Peripheral T-cell lymphoma (PTCL) consists of a diverse group of post-thymic tumors bearing a mature T-cell phenotype and, excluding mycosis fungoides, comprises approximately 10–20% of the non-Hodgkin's lymphomas in the United States. This category of non-Hodgkin's lymphomas exhibits considerable morphological, immunological, and clinical diversity and is generally considered to be a high-grade malignancy. In the present study, paraffin-embedded biopsy specimens of lymph nodes from 31 patients with PTCL who were treated with curative intent were evaluated by flow cytometry for DNA ploidy and proliferative activity (PA). DNA ploidy was not predictive of the clinical outcome. However, low PA, defined by ≤10% of cells in S + G2M phase of cell cycle, was associated with a favorable prognosis. Patients with tumors having low PA had a significantly higher complete remission rate (100%) as compared to those with high PA (55%; P < 0.02), and the predicted actuarial 4-year survival of those with low PA was 85% versus only 50% for those with high PA (P < 0.04). This is the first report of the effects of PA and DNA ploidy in patients with PTCL who were treated with curative intent. Additional studies of similar patients are needed to confirm these findings.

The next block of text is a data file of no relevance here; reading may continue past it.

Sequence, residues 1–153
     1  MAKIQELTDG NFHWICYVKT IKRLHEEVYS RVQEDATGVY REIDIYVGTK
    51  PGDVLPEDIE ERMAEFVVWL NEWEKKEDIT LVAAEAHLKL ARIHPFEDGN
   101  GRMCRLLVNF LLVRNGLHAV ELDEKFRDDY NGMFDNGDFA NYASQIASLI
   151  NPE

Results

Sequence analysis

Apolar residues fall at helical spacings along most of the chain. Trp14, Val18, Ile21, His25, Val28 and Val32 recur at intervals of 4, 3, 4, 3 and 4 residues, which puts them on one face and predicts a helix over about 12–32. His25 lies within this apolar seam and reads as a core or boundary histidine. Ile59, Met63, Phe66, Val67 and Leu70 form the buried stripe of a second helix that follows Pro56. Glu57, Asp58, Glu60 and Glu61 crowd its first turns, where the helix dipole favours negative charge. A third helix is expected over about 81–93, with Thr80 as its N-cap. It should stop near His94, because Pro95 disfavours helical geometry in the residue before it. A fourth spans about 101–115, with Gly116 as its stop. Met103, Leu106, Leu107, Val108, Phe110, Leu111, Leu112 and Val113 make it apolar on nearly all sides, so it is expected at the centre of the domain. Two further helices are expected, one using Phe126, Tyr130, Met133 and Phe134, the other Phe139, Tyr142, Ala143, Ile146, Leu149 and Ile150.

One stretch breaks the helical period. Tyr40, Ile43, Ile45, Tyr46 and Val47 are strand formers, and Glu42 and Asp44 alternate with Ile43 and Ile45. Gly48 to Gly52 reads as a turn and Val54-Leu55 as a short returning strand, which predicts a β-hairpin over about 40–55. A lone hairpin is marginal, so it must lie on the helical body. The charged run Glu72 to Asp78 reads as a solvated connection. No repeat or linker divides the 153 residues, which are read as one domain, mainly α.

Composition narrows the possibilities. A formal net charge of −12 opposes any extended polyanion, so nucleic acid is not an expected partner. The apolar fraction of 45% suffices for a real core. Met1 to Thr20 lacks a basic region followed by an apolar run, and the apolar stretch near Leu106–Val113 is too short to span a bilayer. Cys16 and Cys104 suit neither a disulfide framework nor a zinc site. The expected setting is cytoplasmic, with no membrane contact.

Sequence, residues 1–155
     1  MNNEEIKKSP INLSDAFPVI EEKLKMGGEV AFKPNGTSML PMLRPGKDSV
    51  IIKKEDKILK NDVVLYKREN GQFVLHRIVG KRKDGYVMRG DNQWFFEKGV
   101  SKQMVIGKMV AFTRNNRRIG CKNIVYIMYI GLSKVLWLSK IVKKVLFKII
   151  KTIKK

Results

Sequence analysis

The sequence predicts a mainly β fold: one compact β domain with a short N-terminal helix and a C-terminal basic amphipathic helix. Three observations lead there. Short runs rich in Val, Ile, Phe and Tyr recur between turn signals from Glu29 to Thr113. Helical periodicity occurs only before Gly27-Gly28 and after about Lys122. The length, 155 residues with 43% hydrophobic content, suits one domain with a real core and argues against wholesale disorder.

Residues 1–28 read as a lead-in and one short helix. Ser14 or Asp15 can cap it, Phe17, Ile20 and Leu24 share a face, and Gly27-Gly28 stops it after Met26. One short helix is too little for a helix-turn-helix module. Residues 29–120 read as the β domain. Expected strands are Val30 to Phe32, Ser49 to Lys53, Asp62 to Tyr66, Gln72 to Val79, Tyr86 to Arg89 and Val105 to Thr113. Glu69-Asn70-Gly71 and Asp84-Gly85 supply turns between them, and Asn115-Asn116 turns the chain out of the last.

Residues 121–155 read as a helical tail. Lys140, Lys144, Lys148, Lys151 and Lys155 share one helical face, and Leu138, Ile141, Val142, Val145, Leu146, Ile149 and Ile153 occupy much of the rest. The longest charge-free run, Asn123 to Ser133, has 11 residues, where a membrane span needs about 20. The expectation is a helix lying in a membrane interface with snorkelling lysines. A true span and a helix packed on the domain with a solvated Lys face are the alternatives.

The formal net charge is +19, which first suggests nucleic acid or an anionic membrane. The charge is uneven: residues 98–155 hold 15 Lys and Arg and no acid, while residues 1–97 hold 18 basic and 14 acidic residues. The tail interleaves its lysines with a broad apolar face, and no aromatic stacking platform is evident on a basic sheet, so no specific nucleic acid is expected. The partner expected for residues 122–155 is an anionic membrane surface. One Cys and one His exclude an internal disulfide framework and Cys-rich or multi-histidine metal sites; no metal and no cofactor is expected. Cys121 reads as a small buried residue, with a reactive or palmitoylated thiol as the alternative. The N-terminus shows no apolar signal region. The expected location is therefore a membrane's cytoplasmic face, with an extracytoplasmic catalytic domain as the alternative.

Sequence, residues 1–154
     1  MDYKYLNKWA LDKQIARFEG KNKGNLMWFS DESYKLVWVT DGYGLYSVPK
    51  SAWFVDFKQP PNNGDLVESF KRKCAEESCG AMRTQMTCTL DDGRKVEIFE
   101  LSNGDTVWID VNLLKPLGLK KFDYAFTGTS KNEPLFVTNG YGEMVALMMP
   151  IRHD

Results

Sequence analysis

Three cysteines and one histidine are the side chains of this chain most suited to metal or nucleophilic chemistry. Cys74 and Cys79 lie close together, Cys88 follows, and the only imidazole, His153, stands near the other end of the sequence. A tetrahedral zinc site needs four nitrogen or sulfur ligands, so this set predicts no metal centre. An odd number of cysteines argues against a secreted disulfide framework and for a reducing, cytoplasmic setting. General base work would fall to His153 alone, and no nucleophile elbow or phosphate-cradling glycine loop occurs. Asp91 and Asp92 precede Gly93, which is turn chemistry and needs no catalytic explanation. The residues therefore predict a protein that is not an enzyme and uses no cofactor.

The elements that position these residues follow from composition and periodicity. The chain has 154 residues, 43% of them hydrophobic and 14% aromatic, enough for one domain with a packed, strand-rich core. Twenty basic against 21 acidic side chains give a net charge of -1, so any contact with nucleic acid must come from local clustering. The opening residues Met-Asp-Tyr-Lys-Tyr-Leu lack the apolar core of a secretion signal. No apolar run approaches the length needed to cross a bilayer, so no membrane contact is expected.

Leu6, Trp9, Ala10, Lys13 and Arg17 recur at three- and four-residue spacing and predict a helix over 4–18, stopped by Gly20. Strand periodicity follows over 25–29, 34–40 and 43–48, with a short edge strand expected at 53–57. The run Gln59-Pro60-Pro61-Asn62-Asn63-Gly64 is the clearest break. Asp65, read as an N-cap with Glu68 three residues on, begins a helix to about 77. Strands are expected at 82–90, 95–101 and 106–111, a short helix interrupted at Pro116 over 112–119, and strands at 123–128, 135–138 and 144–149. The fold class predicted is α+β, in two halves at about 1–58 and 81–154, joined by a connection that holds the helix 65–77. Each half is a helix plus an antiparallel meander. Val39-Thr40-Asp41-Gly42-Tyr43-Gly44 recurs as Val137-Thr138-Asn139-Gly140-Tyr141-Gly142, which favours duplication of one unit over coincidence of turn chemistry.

This work was supported in part by USPHS CA30196 and CA36727, awarded by the National Cancer Institute, Department of Health and Human Services, and the Nebraska Department of Health grant LB506.